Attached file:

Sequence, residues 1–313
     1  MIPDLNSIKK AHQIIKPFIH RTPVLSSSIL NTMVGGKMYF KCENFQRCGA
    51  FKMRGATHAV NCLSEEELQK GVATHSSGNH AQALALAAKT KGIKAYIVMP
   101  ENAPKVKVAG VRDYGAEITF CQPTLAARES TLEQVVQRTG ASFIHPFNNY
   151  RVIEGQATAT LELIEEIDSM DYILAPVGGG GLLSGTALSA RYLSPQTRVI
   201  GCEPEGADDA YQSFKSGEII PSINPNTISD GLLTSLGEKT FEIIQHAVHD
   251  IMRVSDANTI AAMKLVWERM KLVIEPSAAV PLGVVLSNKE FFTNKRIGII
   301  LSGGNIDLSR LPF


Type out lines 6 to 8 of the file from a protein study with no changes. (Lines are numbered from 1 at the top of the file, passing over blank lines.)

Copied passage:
   201  GCEPEGADDA YQSFKSGEII PSINPNTISD GLLTSLGEKT FEIIQHAVHD
   251  IMRVSDANTI AAMKLVWERM KLVIEPSAAV PLGVVLSNKE FFTNKRIGII
   301  LSGGNIDLSR LPF